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A few days ago we were blessed to have the umpteenth rehash of Gordon Brown’s plans for Scotland. Not much has changed since he was first writing about this in the 1970s. He wants Scotland to have just enough power to keep the natives quiet, but not enough to threaten the political establishment in London so beloved of Labour and Tory alike.
What does he want this time? He wants basically the same as he promised back in 2014 when arguing along with the Tories that Scotland should vote no. Do you remember? This was how we were going to stay in the European Union. It was how we were going to have decent pensions and how Scotland would benefit from the strength of the UK economy. He promised a lot more powers, including economic powers, to the Scottish Parliament. He even called it the VOW.
Of course, he never delivered any of it when Chancellor of the Exchequer, and later as Prime Minister his amnesia helped him forget about every promise to Scotland. He has been making and breaking promises to Scotland for almost 50 years.
But you might say, there are some new ideas this time. The biggest of which is Labour’s commitment to abolish the House of Lords at some unstated time in the future. You know, the same promise made as far back as 1887 by Keir Hardie. We have already waited 135 years for this promise to be fulfilled, so why not just promise it again? Can we trust Gordon Brown to get Keir Starmer to deliver this? If you think so, can you explain why the same Gordon Brown during his short period as Prime Minister appointed no fewer than an additional 34 Lords on top of the hundreds already there!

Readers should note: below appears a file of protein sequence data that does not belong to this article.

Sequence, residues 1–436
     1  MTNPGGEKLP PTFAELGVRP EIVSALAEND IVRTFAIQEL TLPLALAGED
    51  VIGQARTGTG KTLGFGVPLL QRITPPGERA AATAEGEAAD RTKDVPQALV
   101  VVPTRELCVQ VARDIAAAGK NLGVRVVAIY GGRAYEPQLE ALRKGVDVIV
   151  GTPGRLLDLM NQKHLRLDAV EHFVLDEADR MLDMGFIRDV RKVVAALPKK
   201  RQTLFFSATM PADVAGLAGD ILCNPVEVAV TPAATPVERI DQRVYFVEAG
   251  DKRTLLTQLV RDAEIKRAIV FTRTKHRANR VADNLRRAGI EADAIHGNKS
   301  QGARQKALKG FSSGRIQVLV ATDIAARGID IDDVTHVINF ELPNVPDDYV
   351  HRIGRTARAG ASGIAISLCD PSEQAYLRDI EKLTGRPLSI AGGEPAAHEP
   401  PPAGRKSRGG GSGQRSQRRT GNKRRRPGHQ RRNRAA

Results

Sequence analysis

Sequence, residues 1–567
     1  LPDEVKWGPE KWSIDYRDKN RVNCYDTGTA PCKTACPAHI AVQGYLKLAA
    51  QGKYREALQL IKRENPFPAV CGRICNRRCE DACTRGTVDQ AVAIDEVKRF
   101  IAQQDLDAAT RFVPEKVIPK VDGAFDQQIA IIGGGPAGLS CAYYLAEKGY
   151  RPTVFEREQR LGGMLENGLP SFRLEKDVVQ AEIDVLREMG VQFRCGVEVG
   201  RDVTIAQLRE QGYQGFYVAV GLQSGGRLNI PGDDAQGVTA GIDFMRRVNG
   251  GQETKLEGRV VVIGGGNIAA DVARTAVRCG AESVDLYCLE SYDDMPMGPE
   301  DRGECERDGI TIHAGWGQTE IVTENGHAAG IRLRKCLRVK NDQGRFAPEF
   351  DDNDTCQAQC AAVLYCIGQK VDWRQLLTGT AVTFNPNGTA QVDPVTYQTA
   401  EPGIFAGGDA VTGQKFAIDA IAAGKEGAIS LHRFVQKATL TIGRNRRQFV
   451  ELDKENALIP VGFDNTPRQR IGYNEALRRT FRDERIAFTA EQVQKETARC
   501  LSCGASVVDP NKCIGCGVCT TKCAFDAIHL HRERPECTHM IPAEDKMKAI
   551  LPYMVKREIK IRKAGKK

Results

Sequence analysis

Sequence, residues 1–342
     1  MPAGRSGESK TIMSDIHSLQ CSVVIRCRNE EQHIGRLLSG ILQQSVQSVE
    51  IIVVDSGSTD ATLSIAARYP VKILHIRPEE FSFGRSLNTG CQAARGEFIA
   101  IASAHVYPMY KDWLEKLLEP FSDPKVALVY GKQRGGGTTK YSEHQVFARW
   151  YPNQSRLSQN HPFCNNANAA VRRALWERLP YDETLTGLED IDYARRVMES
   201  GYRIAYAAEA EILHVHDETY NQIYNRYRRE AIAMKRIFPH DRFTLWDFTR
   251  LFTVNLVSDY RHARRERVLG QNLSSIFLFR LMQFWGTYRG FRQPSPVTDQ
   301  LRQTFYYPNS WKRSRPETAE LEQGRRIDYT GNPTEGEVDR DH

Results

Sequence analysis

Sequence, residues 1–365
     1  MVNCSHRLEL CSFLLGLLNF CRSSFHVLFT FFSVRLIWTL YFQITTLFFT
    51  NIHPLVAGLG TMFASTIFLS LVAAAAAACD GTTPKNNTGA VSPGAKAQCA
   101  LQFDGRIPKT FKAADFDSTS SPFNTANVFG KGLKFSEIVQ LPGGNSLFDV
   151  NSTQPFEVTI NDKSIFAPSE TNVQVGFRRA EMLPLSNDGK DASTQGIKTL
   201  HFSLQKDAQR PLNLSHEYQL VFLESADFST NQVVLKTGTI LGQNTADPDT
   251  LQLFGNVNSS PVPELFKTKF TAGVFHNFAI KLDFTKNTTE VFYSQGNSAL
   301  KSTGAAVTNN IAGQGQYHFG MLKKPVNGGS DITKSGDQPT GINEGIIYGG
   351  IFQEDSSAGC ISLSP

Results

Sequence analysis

And what else can we deduce from Gordon Brown’s latest thoughts? Well, he does not want Scotland to have the power to re-enter the European Single Market, let alone re-enter the European Union. He doesn’t want Scotland to have full economic powers. He doesn’t want to allow Scotland to have control of its own immigration system to ensure we can attract the skilled people we very much need such as doctors, scientist, nurses, engineers and farm workers to name only a few.
And of course, he doesn’t want the Scottish people to be able to decide their future. In Gordon Brown’s world you have to be denied a vote on Scotland’s future.
In other news, the huge corruption that has alledgedly involved Tories from Baroness Michelle Mone to Michael Gove sheds further light on the need for Scotland to get away from the current political systems. Millions upon millions of pounds have been taken from taxpayers during the Covid 19 pandemic for the purchase of medical equipment that never worked but instead allowed Tories to enrich themselves at your expense. Unsurprisingly of course Michelle Mone, Michael Gove and others all campaigned for a No vote back in 2014. Why would they want Scotland to have the power to clean up the corrupt system, they benefit so much from?
Time for a change, and no wonder support for Scottish Independence is rising!
As a member of both the Finance and Economy committees in the Scottish Parliament I typically read over 100 pages of official economic and financial papers each week. I often read additional analysis to ensure I’m up to date.
Recently, I have been particularly interested in how to boost the economy. From a strictly economic point of view, the two most significant initiatives would be to rejoin the European Single Market and to encourage immigration, attracting those workers we so desperately need. In Falkirk East, many businesses have been badly affected by Brexit, and the ending of free movement with our European neighbours has prevented us from recruiting the many people we need to attract to come and work here.